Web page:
Department of Spanish and Portuguese

College of Letters & Science
HomeDepartment LifeNewsNewsRoberto Sanchez, prolific and influential professor in our Department, passed away on August 15, 2016

Roberto Sanchez, prolific and influential professor in our Department, passed away on August 15, 2016

Roberto Sanchez, prolific and influential professor in our Department, passed away on August 15, 2016
    

Roberto Garza Sánchez was born in San Antonio, on September 24, 1922. He joined the UW faculty ranks in 1950. He was tenured in 1955 and promoted to Full Professor in 1963. Roberto was a prolific and influential scholar, and his service contributions were wide-ranging and meaningful. His most lasting legacy in S&P was the culture of theatre and performance he actively fostered for over three decades. Not only did he direct the Department’s annual Spanish and Spanish-American play, bringing together students, faculty and staff as actors, stagehands, technicians, and wardrobe supervisors, but he was also an exceptionally gifted drama teacher. The plays Roberto directed drew regular and enthusiastic audiences of UW faculty and students as well as high-school Spanish classes from Madison and surrounding communities. He retired in 1984 and moved to Santa Barbara in 2002.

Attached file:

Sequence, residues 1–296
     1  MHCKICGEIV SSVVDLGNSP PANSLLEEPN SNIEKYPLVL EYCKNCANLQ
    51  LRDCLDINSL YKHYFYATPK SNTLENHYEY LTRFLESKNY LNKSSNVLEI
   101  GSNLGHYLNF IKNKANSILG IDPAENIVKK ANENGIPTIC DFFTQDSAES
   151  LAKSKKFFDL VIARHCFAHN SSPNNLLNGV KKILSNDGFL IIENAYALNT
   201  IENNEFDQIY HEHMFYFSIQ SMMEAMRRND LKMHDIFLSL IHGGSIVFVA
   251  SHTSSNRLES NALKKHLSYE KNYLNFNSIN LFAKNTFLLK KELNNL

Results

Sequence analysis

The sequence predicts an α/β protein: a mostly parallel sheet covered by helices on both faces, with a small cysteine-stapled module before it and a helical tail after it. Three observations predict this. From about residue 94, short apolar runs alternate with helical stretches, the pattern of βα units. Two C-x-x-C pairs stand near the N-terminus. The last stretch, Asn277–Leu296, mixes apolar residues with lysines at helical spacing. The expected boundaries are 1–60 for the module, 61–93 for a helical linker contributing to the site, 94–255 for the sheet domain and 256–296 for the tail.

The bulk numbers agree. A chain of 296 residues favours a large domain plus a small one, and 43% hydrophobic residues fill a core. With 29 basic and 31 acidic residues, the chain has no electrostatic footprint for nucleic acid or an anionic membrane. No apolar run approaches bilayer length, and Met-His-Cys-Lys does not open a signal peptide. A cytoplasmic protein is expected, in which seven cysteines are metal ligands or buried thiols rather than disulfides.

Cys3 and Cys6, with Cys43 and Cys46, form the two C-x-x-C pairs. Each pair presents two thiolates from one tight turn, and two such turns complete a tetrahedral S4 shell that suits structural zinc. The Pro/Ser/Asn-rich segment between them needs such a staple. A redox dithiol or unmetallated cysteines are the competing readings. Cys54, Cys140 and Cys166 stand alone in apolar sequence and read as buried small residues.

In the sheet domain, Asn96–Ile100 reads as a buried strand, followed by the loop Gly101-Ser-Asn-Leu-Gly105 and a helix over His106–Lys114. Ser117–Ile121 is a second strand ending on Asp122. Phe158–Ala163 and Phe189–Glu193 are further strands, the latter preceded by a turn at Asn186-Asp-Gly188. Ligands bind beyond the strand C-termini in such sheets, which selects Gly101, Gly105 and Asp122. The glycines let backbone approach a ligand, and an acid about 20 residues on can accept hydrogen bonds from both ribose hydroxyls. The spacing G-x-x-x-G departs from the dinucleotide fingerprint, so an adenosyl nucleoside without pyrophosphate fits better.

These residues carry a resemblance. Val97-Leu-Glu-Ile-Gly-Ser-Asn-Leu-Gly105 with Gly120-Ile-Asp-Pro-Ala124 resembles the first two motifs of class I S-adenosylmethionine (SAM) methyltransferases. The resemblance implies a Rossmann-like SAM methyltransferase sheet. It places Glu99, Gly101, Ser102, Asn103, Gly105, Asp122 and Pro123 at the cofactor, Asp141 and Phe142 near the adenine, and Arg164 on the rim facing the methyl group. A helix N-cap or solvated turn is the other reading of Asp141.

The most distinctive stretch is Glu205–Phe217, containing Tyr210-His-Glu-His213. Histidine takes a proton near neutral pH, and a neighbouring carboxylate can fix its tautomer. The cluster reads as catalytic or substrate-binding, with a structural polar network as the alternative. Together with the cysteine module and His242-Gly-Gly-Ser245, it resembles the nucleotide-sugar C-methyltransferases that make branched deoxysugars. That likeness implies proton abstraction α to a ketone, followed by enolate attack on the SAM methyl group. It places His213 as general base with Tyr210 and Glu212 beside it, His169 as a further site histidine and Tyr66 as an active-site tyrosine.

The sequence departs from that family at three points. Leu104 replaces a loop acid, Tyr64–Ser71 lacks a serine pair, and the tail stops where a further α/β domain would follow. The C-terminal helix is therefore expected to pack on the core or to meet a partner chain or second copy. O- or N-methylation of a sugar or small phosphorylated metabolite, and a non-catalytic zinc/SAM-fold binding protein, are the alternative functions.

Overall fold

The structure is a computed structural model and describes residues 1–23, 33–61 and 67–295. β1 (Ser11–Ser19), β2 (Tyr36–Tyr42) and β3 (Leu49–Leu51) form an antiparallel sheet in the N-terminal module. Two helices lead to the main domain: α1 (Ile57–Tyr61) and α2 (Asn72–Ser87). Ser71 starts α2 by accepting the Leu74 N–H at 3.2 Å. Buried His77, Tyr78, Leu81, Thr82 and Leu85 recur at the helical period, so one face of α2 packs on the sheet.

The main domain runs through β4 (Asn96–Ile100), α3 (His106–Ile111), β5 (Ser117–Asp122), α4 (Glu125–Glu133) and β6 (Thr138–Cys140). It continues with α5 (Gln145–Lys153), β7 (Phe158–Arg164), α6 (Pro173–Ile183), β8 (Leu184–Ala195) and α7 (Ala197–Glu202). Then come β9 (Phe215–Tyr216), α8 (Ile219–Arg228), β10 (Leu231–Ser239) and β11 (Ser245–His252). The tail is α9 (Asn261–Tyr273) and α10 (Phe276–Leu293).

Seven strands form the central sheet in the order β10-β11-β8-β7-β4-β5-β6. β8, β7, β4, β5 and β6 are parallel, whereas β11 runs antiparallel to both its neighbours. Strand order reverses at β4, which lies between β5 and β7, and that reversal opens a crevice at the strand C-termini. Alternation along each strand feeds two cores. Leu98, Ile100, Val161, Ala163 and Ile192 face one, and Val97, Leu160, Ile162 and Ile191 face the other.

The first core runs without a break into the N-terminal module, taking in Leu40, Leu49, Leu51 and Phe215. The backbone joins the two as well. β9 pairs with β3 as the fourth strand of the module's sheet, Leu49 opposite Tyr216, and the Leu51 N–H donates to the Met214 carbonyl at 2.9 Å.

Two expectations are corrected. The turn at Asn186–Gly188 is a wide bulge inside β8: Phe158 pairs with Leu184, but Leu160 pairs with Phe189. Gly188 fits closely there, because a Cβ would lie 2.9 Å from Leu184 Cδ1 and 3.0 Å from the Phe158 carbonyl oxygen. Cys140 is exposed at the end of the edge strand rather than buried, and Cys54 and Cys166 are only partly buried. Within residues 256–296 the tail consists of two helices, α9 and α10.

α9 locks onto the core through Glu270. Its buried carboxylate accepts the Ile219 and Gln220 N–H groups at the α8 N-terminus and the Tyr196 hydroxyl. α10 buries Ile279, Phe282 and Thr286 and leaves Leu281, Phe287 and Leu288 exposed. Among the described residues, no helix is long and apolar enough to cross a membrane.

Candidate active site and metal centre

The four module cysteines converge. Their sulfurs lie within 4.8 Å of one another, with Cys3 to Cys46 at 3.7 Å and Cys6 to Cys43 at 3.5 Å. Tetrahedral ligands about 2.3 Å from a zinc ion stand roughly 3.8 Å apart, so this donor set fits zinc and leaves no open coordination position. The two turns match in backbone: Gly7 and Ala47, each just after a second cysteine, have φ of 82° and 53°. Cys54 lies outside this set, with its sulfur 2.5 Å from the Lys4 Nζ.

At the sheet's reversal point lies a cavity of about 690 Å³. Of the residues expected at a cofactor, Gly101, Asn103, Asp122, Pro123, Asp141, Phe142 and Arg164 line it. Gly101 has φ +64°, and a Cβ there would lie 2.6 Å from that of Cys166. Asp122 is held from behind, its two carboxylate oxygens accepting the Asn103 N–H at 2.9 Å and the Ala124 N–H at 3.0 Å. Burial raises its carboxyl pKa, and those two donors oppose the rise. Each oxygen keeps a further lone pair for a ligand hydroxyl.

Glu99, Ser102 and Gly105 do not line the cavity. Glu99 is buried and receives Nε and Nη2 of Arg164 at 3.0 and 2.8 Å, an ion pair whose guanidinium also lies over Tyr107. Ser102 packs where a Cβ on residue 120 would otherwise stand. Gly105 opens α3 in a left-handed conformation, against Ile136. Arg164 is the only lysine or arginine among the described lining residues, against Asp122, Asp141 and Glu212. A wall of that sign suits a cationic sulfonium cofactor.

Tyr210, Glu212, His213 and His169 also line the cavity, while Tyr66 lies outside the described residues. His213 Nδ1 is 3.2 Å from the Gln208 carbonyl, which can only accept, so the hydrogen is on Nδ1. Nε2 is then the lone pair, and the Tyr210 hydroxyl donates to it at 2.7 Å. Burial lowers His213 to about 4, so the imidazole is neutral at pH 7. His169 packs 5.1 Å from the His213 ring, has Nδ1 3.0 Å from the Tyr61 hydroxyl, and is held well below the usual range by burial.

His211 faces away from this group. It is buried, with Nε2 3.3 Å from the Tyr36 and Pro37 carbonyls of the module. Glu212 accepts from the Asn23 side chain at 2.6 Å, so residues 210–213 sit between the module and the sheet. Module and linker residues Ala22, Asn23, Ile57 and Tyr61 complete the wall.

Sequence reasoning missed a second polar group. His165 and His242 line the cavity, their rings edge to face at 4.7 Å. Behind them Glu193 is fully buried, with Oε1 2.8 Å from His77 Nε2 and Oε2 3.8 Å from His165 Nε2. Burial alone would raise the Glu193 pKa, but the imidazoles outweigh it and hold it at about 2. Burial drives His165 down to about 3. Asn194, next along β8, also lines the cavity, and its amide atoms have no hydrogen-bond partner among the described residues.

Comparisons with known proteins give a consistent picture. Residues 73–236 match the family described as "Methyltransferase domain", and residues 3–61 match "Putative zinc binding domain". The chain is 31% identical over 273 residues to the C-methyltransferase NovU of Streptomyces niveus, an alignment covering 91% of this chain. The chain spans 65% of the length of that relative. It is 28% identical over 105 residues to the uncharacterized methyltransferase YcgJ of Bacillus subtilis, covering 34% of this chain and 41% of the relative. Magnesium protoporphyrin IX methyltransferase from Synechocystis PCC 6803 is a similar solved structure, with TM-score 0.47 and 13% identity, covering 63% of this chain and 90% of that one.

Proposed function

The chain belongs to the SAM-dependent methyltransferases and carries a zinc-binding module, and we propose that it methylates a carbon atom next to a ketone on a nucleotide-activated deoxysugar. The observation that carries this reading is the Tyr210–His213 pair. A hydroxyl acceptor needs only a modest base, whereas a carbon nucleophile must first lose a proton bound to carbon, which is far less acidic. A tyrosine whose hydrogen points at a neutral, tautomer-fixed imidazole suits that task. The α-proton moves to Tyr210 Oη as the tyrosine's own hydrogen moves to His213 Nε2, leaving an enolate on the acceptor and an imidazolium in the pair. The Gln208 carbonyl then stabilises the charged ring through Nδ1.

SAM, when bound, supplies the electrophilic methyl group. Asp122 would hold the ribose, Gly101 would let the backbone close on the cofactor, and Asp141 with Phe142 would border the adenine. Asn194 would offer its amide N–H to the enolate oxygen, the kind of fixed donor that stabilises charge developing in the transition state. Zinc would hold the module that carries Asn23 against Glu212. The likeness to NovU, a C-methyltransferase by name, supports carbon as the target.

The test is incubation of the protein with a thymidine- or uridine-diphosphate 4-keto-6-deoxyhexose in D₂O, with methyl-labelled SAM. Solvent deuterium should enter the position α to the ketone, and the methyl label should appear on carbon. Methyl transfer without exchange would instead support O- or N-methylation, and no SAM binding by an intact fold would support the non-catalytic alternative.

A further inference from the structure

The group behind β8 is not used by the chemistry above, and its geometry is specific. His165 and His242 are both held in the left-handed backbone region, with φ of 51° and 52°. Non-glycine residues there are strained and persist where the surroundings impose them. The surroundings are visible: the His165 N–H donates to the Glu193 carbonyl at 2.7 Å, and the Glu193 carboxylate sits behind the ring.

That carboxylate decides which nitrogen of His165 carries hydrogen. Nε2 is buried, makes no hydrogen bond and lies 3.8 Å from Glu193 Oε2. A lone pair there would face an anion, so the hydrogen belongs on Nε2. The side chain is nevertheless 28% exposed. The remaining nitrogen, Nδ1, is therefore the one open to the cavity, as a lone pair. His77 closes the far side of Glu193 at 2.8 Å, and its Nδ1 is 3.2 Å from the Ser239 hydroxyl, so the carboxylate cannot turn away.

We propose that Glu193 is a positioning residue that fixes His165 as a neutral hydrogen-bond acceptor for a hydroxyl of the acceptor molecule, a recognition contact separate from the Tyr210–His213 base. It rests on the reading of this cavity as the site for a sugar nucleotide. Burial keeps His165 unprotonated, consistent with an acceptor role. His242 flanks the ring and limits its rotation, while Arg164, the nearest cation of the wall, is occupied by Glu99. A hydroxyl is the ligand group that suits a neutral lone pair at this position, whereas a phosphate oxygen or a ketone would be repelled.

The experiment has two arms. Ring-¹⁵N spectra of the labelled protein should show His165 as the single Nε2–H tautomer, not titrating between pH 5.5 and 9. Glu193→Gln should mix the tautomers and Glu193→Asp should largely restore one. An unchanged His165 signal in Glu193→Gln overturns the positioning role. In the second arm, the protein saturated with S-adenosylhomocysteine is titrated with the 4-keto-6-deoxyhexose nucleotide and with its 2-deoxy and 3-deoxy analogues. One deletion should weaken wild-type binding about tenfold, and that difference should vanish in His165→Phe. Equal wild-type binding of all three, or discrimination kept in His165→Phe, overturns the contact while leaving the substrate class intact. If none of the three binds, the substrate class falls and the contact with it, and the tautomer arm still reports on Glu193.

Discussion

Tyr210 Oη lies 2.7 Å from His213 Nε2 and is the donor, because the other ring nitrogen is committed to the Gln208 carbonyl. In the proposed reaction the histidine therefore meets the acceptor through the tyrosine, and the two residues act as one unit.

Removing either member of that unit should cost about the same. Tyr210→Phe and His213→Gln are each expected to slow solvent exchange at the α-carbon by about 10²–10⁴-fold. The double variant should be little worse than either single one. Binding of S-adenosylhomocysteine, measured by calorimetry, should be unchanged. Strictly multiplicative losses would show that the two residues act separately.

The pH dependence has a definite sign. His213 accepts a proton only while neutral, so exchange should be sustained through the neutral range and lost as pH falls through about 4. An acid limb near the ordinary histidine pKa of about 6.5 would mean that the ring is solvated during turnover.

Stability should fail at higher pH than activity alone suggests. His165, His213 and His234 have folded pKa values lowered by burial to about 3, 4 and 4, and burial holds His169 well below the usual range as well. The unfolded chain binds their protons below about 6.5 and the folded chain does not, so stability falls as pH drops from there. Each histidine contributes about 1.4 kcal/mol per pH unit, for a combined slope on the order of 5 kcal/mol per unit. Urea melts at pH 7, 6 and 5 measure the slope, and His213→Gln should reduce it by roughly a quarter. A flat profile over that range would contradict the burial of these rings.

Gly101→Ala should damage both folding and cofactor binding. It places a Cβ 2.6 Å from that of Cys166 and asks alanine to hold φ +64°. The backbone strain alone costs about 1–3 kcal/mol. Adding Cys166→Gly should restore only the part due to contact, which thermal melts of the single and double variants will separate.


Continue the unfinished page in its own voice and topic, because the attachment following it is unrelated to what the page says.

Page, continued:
His family having instilled in him a belief in the dignity and singular worth of education, Roberto strove to provide Latino/a K-12 and first-generation students attending two-year colleges or transferring to UW-Madison the opportunity to pursue their post-secondary education. Our own department has for several years been extremely fortunate to experience first-hand his spirit of giving through a Theatre and Distinguished Lectureship Fund, whose aim is to provide financial support for guest lectures dealing with theatre and performance, dramatic productions, performances and academic symposia.

Roberto cherished education above all. More than a profession, for Roberto, teaching was a calling, and his philanthropy will benefit public education well into the future. “A teacher affects eternity; he can never tell where his influence stops,” Henry Adams famously said. No one embodies the abiding truth these words express more completely than Roberto, who passed away on August 15, 2016, in Santa Barbara, at the age of 93. We miss him profoundly, but his memory will endure for countless years to come.